Is Parking Fee Collection by Malls and Hospitals Illegal?2 min read
Most commercial hubs, malls, and hospitals in India provide for parking spaces. These parking facilities often charge a fee typically ranging from ₹10 to ₹50 depending on the duration of parking. Logically, one would contend that the fee is used for the maintenance of the infrastructure and not question its imposition. Let’s find out if Parking Fee Collection by Malls and Hospitals is Illegal?
Crackdown on illegal parking fee collection in India
Early this year, a petition was filed in the high court against commercial complexes collecting parking fees in Gujarat. It was also brought to light how hefty parking fee at malls was leading to accidents as visitors instead parked their cars outside, also leading to traffic congestion.
In May, revenue officials in Kerala highlighted how shopping malls and hospitals in the city were charging for parking, in direct violation of the Kerala Municipal Building Rules (KMBR). According to the KMBR, permits could be allocated to a commercial establishment only if it had adequate parking space. Most visitors remained unaware of the fact that this parking fee collection is not legally permitted by the Corporation.
Back in 2014, the city Corporation had conducted a crackdown on illegal parking lots in the city’s cinema theatres, hospitals, and other commercial establishments. In Hyderabad too, commercial complexes in the city continue to charge for parking, despite government orders. While multiplexes are slowly falling in line, many complexes continue with the practice.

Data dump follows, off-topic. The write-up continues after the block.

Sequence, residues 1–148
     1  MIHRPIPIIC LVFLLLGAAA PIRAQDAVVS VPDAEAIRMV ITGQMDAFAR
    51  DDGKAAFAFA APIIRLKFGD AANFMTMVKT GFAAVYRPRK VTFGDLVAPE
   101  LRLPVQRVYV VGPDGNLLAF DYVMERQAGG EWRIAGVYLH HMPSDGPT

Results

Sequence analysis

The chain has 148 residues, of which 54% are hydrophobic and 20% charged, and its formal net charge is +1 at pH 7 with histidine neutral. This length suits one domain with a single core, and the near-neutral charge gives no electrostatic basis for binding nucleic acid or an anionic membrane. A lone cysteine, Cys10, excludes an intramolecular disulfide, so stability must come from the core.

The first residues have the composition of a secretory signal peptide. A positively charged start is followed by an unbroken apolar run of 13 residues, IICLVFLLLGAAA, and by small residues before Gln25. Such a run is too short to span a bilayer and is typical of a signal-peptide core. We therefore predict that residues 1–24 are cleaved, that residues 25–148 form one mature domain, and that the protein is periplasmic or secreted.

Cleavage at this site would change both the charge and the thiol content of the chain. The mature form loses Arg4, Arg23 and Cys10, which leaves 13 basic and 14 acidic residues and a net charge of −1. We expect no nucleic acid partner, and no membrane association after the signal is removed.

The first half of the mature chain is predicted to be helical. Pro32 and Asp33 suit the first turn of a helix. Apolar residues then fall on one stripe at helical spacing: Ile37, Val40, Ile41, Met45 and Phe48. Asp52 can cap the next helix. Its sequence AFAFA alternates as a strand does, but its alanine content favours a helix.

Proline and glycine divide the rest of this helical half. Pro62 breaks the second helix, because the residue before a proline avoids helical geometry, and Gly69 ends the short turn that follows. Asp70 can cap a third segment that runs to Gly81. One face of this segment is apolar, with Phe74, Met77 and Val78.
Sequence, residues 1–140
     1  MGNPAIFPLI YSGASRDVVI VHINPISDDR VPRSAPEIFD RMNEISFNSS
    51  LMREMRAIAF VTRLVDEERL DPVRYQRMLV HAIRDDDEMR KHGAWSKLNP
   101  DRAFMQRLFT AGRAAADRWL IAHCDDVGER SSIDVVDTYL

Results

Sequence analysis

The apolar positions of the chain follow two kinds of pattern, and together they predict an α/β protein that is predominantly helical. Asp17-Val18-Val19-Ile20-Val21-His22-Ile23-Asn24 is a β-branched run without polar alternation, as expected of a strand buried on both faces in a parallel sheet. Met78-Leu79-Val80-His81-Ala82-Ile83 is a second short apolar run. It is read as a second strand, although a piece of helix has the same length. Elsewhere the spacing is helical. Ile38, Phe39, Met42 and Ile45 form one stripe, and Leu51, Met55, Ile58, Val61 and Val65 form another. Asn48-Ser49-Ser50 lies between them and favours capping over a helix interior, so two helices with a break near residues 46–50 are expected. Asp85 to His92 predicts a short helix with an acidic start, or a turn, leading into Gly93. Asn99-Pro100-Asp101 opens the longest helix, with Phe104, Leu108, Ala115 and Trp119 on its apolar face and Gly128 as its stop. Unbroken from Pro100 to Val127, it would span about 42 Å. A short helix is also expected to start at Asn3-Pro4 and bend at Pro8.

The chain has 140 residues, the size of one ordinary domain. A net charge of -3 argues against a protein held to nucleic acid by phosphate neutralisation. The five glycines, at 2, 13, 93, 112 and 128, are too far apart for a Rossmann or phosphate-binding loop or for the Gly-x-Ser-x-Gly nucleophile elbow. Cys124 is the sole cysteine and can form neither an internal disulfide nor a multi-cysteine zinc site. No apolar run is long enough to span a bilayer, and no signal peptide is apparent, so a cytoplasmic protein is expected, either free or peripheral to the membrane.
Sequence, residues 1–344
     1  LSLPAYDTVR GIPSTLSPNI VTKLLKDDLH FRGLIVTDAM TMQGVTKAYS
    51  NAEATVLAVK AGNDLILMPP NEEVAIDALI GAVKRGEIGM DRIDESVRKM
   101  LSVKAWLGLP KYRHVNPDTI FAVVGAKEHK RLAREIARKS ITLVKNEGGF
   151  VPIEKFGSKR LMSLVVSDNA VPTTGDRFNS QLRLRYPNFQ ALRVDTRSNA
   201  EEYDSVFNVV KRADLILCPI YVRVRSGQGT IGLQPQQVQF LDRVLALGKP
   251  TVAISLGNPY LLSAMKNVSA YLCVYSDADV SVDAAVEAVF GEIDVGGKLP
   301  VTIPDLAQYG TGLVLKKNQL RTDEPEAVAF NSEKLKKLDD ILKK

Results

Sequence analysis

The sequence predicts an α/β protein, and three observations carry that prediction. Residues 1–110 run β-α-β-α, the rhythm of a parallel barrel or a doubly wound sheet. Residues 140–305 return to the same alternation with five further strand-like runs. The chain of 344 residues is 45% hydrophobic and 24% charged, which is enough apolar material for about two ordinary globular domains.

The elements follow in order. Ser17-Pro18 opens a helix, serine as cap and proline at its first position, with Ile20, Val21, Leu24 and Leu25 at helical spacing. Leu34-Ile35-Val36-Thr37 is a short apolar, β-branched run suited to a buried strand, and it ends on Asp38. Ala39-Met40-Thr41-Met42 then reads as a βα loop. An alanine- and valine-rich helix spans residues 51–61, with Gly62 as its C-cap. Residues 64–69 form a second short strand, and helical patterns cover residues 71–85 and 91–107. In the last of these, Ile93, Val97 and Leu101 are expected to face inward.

Recently, the South Delhi Municipal Corporation (SDMC) threatened hospitals and malls charging parking fees with revocation of licenses. The body has issued public notices directing malls, office complexes, and hospitals, to not charge parking fees on numerous occasions over the last two years. Such establishments are now set to receive a final warning before the cancellation of licenses.
Clearly, malls and hospitals cannot charge visitors for parking and ought to stop the fraudulent practice. However, a clear solution to the problem will require adequate policy implementation and a longer-term vision to clip the problem’s wings for good.